A process analytical technology based investigation of the polymorphic transformations during the anti-solvent crystallization of sodium benzoate from IPA/water mixture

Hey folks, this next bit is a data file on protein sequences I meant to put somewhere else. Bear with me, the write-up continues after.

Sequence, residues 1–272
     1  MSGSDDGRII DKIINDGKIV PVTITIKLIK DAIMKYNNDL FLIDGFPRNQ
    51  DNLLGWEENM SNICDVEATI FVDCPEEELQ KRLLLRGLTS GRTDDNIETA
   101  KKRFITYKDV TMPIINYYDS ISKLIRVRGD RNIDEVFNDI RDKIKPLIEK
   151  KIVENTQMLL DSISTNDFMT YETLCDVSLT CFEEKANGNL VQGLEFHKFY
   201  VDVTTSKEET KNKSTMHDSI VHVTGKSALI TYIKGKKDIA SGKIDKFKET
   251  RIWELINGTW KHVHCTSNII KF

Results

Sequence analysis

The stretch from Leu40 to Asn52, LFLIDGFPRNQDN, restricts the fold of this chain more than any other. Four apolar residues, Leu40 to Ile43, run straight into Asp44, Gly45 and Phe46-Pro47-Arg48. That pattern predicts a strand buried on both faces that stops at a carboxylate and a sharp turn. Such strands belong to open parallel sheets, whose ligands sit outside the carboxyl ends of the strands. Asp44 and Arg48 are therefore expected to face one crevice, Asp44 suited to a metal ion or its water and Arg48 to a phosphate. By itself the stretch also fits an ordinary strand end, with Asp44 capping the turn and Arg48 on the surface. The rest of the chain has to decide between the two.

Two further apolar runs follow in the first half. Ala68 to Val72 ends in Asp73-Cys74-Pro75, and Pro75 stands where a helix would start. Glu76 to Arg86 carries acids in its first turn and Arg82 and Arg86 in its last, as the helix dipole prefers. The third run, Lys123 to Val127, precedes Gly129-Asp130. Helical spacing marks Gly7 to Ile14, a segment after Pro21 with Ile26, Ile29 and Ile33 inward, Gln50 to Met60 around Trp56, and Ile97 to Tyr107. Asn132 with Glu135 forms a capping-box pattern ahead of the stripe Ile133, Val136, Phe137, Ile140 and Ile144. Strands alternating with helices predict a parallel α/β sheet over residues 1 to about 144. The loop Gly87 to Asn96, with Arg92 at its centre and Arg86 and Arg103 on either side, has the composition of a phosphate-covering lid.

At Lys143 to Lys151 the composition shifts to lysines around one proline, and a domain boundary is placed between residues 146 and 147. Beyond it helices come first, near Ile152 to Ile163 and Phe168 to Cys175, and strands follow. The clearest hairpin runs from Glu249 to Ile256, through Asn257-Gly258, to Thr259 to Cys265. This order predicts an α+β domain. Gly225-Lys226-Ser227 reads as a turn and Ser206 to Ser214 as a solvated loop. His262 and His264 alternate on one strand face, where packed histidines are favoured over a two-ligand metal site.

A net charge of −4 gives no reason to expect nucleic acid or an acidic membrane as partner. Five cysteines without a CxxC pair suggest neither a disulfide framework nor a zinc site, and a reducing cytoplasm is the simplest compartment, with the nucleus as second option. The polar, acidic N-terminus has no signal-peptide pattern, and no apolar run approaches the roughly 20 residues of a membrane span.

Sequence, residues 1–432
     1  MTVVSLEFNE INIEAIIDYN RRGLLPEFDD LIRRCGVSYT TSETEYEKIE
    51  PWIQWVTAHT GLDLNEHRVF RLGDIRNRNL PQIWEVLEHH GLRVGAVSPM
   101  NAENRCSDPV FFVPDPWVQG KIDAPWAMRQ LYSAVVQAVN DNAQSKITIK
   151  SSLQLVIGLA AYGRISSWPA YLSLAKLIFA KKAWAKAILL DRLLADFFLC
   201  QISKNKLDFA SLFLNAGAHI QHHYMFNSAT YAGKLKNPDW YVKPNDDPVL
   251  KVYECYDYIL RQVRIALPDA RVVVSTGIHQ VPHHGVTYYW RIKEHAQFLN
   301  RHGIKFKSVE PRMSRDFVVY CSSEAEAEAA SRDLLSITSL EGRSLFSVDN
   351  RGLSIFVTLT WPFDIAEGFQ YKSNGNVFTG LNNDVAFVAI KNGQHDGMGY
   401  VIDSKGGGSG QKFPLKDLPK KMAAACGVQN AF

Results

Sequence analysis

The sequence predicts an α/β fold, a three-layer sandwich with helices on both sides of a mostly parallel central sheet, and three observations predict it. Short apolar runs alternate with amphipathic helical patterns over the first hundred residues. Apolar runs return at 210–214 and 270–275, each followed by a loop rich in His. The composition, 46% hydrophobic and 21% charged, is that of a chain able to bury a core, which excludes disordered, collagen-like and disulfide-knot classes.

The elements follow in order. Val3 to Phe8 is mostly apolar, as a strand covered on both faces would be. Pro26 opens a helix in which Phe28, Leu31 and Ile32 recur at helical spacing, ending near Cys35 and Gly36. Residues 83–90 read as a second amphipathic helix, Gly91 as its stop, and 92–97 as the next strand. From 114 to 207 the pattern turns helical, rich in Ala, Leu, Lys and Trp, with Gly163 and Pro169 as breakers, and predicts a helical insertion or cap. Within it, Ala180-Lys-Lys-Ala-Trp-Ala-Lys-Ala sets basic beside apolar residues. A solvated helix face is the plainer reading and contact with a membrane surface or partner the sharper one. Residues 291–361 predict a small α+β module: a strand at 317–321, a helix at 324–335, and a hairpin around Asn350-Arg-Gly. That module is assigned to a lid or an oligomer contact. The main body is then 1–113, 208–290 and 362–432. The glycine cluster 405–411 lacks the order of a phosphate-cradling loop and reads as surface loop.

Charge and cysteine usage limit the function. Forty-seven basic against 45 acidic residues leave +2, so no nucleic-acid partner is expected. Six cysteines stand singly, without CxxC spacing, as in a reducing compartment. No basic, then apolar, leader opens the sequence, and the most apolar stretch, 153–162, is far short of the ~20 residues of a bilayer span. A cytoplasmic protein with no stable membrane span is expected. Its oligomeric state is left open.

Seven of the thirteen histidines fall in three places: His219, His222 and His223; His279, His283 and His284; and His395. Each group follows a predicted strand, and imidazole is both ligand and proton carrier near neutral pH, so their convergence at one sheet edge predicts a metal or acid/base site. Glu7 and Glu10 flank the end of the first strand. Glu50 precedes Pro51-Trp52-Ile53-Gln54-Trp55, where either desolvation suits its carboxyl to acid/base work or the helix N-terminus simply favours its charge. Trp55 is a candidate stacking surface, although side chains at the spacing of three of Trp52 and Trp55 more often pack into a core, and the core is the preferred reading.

Manufacturing of medicines often requires a crystallization stage. The crystallization method must be designed to produce the desired crystal form with specific shape, size distribution and polymorphic form. This paper presents the use of process analytical technology (PAT) tools, including focused beam reflectance measurement (FBRM) probe, turbidity meter and attenuated total reflectance (ATR) UV-Vis spectroscopy, for the monitoring and detection of polymorphic transformation during the anti-solvent crystallization of sodium benzoate from a propan-2-ol (IPA)/water mixture. A range of solid state analytical (SSA) techniques including optical microscopy, scanning electron microscope (SEM), X-ray powder diffraction (XRPD), high temperature X-ray powder diffraction (HT-XRPD), solid and solution state nuclear magnetic resonance (SSNMR), infra-red (IR) spectroscopy, thermal gravimetric analysis (TGA), and differential scanning calorimetry (DSC) confirmed the formation of a new, previously unreported channel solvate, which transforms into a channel hydrate during the anti-solvent crystallization experiments. A combination of DSC and hot stage microscopy (HSM) analyses discovered the formation of a higher melting polymorphic form of sodium benzoate, which also has not yet been reported in the literature. This paper provides an illustrative example how the combination of PAT tools and SSA techniques can lead to the discovery of new polymorphic forms and can provide the conditions under which different forms of the compound sodium benzoate exist so the system can be designed to produce the desired form.